EHJ May 2003, pages 132-135
Somehow, roof-nesting gulls have become something of a problem throughout the UK. And Peter Rock argues that the situation looks set to get worse
Almost every town and city in Britain has a population of roof-nesting gulls, and with a growth rate of some 13 per cent a year it won't be that long before all of the UK's towns and cities support growing gull colonies.1 For those living or working in an area which has been colonised by gulls, there are good reasons for complaint. Gulls are noisy, especially during courtship and chick rearing, and they produce large quantities of excrement, some of it deliberately aimed at humans, creating health fears. They build nests in gutters, which invariably get rain washed into down pipes causing blockages, and they are aggressive. Stories about gulls stealing food from the hands of tourists, terrorising workers on roofs and even striking bystanders on the street are time and again reported in various local media.
The upshot of all of this gull activity is, of course, a rising level of complaints to the environmental services departments of most authorities. Once the media becomes involved though (with a cull being the most frequently proposed solution), questions begin to be asked about what is being done about the situation. With this in mind, some clear and pragmatic information on the issues and some practical suggestions seem necessary, if not overdue.
While there are other gull species nesting on rooftops (Great Black-backed Gull, Common Gull and Kittiwake etc) numbers are tiny in comparison to the Herring Gull and Lesser Black-backed Gull. These two closely-related species are large, weigh around a kilo and have a wingspan of some four and a half feet.2 They are also very long-lived birds, with the record being almost 35 years3, and are very good at surviving from year to year (adult mortality is less than 5 per cent). Generally speaking, they breed for the first time at age four. However, in town, third year birds breed commonly - a sign that the colony is expanding.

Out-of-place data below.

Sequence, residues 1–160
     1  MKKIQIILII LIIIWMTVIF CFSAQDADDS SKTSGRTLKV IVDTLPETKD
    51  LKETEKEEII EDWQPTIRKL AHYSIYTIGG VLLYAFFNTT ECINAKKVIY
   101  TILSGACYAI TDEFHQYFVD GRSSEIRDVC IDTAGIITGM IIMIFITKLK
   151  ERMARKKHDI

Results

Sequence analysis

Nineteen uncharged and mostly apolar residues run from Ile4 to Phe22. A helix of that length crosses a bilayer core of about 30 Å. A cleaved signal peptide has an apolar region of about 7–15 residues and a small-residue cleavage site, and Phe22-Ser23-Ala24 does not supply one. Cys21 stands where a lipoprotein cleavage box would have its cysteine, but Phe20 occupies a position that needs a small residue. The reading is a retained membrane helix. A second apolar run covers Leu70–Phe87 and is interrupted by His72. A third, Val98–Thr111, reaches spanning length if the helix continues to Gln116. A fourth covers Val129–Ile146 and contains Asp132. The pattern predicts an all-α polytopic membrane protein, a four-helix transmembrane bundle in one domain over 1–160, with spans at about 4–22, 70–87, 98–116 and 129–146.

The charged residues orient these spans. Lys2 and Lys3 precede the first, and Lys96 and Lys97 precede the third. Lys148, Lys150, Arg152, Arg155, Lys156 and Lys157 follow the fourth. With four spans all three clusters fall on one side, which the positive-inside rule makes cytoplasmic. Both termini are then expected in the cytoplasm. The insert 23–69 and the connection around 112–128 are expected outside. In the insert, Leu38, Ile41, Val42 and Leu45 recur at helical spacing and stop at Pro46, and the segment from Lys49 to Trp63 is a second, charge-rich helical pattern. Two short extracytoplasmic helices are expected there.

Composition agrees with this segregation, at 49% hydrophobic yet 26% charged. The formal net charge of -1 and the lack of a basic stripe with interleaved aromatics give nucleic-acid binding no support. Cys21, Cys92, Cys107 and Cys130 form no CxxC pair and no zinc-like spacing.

The breeding season runs from March to the end of July. One attempt is made per season and three eggs are laid. In urban situations, this usually means that pairs will bring off three young each year. Pairing for life adds stability to their breeding patterns and, even if this is only 10 years, a pair could raise 30 offspring. This exceptional breeding success explains the exponential, national growth rate of 13 per cent. It should not be forgotten that to maintain a stable population in any species, including humans, all that is necessary is for each individual to reproduce itself once in its lifetime. Urban gulls are doing far better than this.
The large gulls are supreme opportunists and will take advantage of whatever becomes available. If it is edible, they will eat it. In town, they never turn down the scraps really intended for swans, ducks and pigeons and are expert in robbing these birds of their meals. Ample street lighting is provided to enable them to pick up the discarded take-aways thrown down by late night revellers well before the street cleaners even have a chance to clear up. But, their major feeding takes place out of town and may be some distance away - principally landfills (refuse)4 and green fields (invertebrates).5
Strictly speaking, this issue goes back to before the Second World War with a tiny number of records from small fishing villages.6 The key event though, was undoubtedly the passing of The Clean Air Act in 1956. The Act forbade the burning of rubbish at tips, instead it required operators to cover the tip face with inert material at the end of a day's tipping. It was an open invitation to the gulls and populations rose by fifteen fold by the early 1970s.7 This sudden and massive increase in gull populations resulted in traditional colonies being outgrown. The gulls had to find other breeding grounds and our buildings, from a gull's point of view, are little more than cliff-sided islands.
The gulls soon found urban living to be highly advantageous - there are no predators, very little disturbance on rooftops, and critically, high availability of large food supplies fairly close at hand.8 Growing chicks demand high energy, high protein food - and lots of it.5 Without this quality of food, breeding success would be considerably lower.